Tupelo tapped for child obesity collaborative

By Michaela Gibson Morris/NEMS Daily Journal

TUPELO – A coalition of Tupelo children’s health advocates is teaming up for a national childhood obesity initiative.
A partnership spearheaded by the Healthy Tupelo Task Force was one of 40 community teams from around the country selected to participate in the second phase of the “Collaborate for Healthy Weight” organized through the National Initiative for Children’s Health Care Quality.
“We are delighted that NICHQ has selected our team from Tupelo to participate in this initiative based on our solid commitment to achieving healthy weight and health equity in our community,” said team leader Hank Boerner, director of North Mississippi Medical Center’s Wellness Center and co-chairman of Healthy Tupelo Task Force.
The team brings together public and private resources and includes North Mississippi Medical Center, HealthWorks!, the Mississippi State Department of Health and CATCH Kids, which provides free medical care for children in community and school-based clinics. The vision is to bring partners together from across a community to develop quality, sustainable programs to help children and families achieve healthy weight. The Northwest Mississippi team, led by the Delta Health Alliance, is the only other team in Mississippi.
“It’s a rare and wonderful opportunity to access the best minds out there,” said Donna Loden, programming director of HealthWorks! Children’s Health Education Center in Tupelo, who serves on the Healthy Tupelo Task Force.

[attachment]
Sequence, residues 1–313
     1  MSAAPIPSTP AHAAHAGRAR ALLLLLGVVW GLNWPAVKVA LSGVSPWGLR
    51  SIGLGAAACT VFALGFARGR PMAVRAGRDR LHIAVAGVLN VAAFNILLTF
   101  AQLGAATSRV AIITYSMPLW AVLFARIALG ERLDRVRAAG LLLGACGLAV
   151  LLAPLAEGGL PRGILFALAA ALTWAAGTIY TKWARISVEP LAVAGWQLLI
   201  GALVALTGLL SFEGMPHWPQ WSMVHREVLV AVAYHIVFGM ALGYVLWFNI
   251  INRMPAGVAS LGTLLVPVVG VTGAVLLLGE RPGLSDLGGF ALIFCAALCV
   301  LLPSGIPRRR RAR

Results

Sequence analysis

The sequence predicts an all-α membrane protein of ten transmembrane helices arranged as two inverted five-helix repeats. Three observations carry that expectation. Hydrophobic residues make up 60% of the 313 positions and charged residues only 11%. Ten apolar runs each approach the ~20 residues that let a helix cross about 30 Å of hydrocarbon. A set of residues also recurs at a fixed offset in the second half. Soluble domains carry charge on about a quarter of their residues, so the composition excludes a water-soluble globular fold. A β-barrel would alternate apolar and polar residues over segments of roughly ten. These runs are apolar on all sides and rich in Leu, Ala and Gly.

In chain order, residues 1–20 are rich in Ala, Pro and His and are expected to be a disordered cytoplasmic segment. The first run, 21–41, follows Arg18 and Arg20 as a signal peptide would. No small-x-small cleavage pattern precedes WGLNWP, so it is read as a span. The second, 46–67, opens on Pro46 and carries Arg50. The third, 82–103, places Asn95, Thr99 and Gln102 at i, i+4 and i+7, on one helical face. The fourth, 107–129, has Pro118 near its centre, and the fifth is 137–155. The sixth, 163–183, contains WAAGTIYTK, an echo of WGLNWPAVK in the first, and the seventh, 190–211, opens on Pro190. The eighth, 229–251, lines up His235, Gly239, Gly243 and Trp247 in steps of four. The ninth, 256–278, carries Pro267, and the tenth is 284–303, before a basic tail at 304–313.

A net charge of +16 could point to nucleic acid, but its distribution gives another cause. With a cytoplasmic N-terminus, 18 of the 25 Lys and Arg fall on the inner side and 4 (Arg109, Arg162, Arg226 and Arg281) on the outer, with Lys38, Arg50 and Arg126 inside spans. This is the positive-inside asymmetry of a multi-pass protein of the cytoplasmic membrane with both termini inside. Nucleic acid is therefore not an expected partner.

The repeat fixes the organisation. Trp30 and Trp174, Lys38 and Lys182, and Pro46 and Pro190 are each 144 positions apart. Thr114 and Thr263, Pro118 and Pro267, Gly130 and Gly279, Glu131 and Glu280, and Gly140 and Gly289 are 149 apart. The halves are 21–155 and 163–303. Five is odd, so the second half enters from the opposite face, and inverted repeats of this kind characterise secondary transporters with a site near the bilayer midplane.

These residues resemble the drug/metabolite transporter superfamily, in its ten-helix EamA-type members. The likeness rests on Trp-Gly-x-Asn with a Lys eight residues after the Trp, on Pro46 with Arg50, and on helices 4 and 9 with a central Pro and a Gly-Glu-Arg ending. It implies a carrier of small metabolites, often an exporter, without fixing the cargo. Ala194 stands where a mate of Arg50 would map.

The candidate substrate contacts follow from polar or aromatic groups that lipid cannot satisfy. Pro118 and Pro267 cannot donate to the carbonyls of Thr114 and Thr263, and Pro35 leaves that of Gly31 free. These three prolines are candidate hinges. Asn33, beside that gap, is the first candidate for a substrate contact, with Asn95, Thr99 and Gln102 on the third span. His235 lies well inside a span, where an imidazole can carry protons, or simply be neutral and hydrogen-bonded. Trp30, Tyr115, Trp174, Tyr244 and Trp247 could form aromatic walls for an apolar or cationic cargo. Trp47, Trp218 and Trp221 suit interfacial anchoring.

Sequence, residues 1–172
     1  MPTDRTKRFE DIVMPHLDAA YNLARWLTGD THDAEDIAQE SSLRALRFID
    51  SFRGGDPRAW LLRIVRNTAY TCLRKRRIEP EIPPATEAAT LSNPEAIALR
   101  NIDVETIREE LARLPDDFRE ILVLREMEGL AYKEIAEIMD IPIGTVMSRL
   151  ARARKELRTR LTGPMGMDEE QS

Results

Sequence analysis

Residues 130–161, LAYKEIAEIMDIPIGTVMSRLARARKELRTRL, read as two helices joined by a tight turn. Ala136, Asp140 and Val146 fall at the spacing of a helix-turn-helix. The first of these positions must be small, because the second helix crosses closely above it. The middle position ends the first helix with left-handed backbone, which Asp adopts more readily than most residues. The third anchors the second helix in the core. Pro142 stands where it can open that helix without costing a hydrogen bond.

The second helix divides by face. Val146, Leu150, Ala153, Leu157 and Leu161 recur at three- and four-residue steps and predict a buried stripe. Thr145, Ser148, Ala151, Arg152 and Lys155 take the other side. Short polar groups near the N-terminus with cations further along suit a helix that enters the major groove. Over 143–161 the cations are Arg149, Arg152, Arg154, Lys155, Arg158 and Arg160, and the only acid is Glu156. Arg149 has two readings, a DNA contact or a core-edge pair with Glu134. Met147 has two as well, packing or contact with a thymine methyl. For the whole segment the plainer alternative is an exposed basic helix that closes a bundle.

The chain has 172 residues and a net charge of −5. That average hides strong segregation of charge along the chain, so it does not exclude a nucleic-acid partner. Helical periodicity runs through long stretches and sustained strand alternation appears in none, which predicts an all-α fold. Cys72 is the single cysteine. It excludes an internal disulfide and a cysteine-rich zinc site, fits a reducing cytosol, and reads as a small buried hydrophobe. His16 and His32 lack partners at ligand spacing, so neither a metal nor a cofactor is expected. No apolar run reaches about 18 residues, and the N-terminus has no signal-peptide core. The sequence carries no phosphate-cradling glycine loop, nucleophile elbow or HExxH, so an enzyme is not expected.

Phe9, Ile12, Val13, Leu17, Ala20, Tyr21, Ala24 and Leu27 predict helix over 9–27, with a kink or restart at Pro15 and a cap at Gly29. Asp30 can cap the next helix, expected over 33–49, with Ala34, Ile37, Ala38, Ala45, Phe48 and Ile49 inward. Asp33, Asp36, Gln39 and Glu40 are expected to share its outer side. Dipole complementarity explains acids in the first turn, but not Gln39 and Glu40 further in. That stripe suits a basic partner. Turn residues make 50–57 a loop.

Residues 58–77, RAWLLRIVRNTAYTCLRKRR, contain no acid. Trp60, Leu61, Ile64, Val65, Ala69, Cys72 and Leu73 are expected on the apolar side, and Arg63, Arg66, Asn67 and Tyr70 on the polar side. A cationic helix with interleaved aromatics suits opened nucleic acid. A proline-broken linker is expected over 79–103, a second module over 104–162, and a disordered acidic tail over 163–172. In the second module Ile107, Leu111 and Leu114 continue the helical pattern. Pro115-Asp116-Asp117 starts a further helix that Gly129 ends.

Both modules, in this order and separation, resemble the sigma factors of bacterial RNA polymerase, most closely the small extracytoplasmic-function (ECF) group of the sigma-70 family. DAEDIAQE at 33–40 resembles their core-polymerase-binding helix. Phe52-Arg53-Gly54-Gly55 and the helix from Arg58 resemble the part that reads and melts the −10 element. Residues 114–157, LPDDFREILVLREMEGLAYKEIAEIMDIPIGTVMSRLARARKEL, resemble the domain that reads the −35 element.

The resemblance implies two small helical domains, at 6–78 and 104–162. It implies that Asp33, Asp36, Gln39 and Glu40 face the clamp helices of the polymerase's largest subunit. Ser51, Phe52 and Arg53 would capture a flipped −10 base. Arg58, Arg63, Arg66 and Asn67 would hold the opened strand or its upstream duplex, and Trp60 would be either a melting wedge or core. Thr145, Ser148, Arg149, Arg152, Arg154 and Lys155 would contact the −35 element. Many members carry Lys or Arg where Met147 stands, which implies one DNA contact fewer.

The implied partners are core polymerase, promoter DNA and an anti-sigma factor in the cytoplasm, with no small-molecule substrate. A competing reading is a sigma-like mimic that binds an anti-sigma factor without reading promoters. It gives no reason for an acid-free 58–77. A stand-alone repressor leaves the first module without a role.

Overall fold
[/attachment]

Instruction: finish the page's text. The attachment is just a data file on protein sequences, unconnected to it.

The Tupelo team will focus its efforts on Haven Acres and Northside Boys and Girls Club, gathering health and fitness data, measuring physical activity and pumping up health and nutrition education for the kids and their families.
Health and fitness are core areas for the Boys amp& Girls Club, said Zell Long, chief professional officer for the Boys amp& Girls Clubs of North Mississippi.
“This just ties in with that,” Long said.
The team will begin gathering data over the next two weeks and then start formulating more specific plans. Some of the ideas on the table include cooking demonstrations, taste testing of healthy foods and education sessions with registered dietitians, Boerner said.
The group hopes to roll out successful programs more broadly through the community, as well as share them with the other teams.
The national project is supported through the Prevention and Public Health Fund under the Affordable Care Act and a partnership with the Health Resources and Services Administration.

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